Monday, December 13, 2010

Believin' Stephen releases album focused on Christ's suffering

Philly rapper Believin' Stephen's new album, The Suffering Servant, focuses on the trials of Christ and his followers. We recently caught up with him via e-mail for this Q&A.

1. Don't you know this is Christmas time and we're only supposed to be focused on the happy, "sweet little baby Jesus?" Why tackle this topic at this time?

Great question. I’ve been working on this project all year and am strategically putting it out during the Christmas season. I’m all about celebrating the birth of “sweet little baby Jesus.” However, I’m also about celebrating Jesus who was “acquainted with grief” and a “man of many sorrows.”

Everyone knows that we celebrate Christmas because of Jesus’ birthday. But the reason we celebrate Jesus’ birthday is because of what he accomplished while he was on earth! And what he accomplished for us was done through a life of suffering; namely suffering death on a cross so that we wouldn’t have to suffer for eternity in hell. He showed us how to suffer rightly and can sympathize with our weaknesses. When we’re tempted, afflicted, mocked, or physically wounded; Christ can relate.

I think it is very fitting to release a project called The Suffering Servant which highlights Christ’s sufferings during the Christmas season. If he didn’t suffer for us there would be no reason to even celebrate Christmas.

2. Last year you released the free Perseverance mixtape. What type of things have you personally had to persevere and is this a central theme of your music ministry?

I don’t want my response to this question to make it seem like I’ve had some horrible life and that I’m not thankful for the blessings I’ve had in my life. I will just state some of the obstacles I’ve had to overcome and am still overcoming. I talk a lot about this in my new song called “My Life Story.”

One great thing about the Lord is that He doesn’t give up on me. My parents divorced at a very young age. This was real tough on me emotionally. I was real close with my dad but he remarried and moved all the way to Hawaii when I was ten. I would cry all the time because I missed him so bad.

In middle school and early high school I suffered from depressive episodes. I wouldn’t be able to sleep and would go into a funk where my mind was cloudy and I couldn’t think straight. I would dread life during these times and contemplated suicide. Even in the darkest moments somehow I knew things would get better eventually and they did. I get down sometimes but haven’t had a bad depressive episode in over six years now.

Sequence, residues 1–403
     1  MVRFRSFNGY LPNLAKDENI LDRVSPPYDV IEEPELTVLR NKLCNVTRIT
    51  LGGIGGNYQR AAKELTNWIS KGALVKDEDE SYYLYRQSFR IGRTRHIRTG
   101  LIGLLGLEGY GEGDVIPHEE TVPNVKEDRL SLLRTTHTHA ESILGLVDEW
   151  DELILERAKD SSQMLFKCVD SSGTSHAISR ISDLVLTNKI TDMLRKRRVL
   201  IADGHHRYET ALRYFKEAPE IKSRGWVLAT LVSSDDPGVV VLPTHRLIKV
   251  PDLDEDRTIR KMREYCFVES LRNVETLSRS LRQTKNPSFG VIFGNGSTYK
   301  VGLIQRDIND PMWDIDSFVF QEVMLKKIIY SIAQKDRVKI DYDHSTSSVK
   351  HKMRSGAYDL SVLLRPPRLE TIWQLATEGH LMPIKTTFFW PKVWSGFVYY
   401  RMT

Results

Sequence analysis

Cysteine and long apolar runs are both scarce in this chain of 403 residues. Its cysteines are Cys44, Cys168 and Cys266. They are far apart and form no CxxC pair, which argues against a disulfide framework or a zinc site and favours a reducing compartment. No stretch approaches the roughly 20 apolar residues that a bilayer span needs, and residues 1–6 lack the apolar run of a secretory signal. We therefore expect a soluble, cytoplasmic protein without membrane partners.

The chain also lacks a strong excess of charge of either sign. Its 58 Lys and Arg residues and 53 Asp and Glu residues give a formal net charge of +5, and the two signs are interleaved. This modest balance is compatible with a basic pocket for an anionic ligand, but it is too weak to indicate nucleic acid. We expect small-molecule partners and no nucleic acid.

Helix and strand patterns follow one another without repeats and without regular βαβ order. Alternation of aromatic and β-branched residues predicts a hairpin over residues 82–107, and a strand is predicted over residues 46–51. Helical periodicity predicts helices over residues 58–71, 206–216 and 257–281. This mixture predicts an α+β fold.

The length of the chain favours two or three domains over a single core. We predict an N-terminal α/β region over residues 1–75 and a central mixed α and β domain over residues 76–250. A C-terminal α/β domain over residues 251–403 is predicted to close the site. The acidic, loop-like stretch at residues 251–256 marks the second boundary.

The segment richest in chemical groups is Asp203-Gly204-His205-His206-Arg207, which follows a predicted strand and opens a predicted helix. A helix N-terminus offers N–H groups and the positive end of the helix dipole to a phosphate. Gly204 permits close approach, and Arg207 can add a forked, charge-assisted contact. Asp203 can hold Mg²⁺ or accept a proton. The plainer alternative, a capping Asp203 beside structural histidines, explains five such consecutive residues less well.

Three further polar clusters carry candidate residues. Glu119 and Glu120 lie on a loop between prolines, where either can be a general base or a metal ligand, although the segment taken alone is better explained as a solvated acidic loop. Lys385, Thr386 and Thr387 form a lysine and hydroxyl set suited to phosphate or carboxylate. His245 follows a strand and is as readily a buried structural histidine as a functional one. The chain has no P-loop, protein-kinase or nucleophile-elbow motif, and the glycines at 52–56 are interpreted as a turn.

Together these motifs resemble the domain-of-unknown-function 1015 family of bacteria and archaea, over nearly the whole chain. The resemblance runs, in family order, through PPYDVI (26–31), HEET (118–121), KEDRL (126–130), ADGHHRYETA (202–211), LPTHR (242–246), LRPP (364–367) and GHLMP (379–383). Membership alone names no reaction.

Since then I’ve faced other obstacles though. At times it’s been tough being in my brother [who is also a Christian rapper] Timothy’s shadow. I get messages from people all the time asking how he’s doing and what not. Sometimes it makes me feel like no one cares about me and the struggles I am going through - they only care about him. Sometimes it’s made me feel like no one cared about my music.

In addition, while literally everyone around me has been getting married over the past several years I’ve had some rocky relationships. I’ve had one break-up where the person just totally stopped talking to me unexpectedly and then gave me the silent treatment for an entire year. That was incredibly painful man. There have also been a couple of other situations more recently where I’ve tried to do things right but things just didn’t work out with the girl.

I’ve also had some broken friendships with some of my closer guy friends recently too. This has caused me to doubt God at times and struggle with things like jealousy, pride, and sexual sin. It’s safe to say that I “wrestle with God” as I say in one of my new songs.

He’s so faithful even when I’m faithless though Sketch. The gospel gives me hope. It gives me hope because I don’t have to trust in my own performance but I trust in Christ’s finished work on the cross. I know He hears my prayers and all His promises are true. He’ll answer in His timing. Other people have gone through way more than I have but God has still given me a heart for hurting people and so perseverance is definitely a theme of my music.